All regulatory information for exporting wine goods to Papua New Guinea, including the regulatory environment, duties and taxes, and permitted additives.
Australia and Papua New Guinea (PNG) are both members of the British Commonwealth and share the same head of state. PNG is an active member in the Asia-Pacific Economic Cooperation (APEC) and participate in APEC’s Wine Regulatory Forum along with Australia.
Australia is PNG’s principal trading partner with Australian imports responsible for up to 35 per cent of the PNG market. Major exports include crude petroleum, civil engineering equipment, meat and wheat.
PNG ended prohibition on alcohol in 1963 after which it quickly became a part of society. Alcohol is present at most social gatherings and is generally a part of celebrations. PNG has a fairly significant beer industry, primarily through SP Holdings, while local production of spirits and small scale beer production exists. There is reportedly a large black market for illegally brewed alcohol which is known as ‘steam’. There is a small volume of fruit wine produced in the country with wines produced from local fruits including ginger, tamarillo,
strawberry, lemon and elderberry.
The wine market is made up entirely of imported wine. The average retail price of 12 Kina is out of the reach of most local consumers. The wine market is concentrated amongst the expatriate community and a small but growing tourist industry.
Challenges to access the market include a lack of infrastructure and distribution. The power supply is often unreliable which can cause problems in the humid conditions. Austrade’s PNG profile reports that general business practices often reflect Asian values (eg, cash transactions, personal relationships, longer negotiations and formal recognition of business arrangements), whereas western business values tend to be adopted by the larger companies. Building relationships with the right partner and in-market visits are key to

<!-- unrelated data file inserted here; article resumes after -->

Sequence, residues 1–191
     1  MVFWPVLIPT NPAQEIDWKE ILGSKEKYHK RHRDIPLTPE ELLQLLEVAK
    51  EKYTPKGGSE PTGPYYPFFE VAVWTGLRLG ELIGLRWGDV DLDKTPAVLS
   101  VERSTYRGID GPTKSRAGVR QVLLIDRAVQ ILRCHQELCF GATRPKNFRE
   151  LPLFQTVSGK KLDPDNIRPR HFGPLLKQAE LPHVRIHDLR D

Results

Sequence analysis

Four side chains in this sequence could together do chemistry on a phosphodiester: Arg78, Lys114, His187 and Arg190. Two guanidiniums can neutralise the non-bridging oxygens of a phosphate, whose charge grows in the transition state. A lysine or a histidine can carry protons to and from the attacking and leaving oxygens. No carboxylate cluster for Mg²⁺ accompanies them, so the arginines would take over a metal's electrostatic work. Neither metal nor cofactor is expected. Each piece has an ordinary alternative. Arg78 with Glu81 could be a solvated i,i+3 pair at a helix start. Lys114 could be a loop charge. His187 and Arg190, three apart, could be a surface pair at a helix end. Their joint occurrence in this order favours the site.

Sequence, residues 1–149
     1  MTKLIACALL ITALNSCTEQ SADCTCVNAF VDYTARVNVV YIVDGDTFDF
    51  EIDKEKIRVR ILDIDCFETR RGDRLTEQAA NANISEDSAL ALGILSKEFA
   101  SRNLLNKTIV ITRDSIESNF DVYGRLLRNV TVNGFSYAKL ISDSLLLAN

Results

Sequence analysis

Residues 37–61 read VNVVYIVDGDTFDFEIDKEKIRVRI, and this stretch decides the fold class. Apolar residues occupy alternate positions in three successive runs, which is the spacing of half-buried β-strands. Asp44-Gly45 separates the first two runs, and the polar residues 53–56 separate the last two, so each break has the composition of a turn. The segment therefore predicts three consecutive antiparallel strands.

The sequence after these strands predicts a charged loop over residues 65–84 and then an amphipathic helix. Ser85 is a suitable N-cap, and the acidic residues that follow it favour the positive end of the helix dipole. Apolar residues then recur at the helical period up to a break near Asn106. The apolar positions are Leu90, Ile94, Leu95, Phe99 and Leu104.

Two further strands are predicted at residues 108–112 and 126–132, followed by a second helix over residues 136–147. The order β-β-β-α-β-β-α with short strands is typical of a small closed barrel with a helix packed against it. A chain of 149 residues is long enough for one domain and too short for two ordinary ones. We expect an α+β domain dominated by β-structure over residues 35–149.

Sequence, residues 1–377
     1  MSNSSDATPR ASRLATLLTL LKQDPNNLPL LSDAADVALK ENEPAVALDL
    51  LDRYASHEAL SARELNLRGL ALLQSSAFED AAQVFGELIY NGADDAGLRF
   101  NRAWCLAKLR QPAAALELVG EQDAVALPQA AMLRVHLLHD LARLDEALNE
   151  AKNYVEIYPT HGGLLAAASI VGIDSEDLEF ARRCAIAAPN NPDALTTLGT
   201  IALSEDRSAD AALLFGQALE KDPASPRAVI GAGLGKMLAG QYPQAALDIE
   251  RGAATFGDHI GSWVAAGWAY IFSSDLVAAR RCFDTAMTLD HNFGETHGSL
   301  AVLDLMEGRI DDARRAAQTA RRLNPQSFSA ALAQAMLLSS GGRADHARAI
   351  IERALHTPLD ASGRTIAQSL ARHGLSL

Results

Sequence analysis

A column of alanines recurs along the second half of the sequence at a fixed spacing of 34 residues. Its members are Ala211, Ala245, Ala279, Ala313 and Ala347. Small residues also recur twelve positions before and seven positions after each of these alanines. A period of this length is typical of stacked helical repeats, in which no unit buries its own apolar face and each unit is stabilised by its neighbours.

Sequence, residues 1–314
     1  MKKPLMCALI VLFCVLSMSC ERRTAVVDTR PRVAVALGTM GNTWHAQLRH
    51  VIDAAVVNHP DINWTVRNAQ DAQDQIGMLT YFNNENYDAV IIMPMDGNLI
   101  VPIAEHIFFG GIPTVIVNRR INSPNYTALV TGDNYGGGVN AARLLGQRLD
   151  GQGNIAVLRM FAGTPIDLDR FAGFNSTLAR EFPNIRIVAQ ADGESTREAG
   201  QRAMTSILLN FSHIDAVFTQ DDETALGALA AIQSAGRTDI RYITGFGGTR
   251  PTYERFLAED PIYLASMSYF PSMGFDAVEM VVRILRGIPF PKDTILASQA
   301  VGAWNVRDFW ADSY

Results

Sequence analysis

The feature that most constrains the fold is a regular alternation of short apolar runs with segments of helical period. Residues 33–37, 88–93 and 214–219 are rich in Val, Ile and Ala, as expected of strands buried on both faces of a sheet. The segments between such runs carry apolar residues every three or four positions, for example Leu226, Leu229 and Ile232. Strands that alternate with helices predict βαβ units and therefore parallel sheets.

achieving success in the PNG market.
The Chambers of Commerce in PNG are valuable sources of local business information and Austrade is able to provide a list of lawyers and accountants
There have been strong and persistent calls within the community and amongst some political leaders to return to prohibition and ban alcohol entirely which is seen as a trigger for many of the social problems facing the population. The minimum drinking age in PNG is 18 years but it is unclear how well this is policed.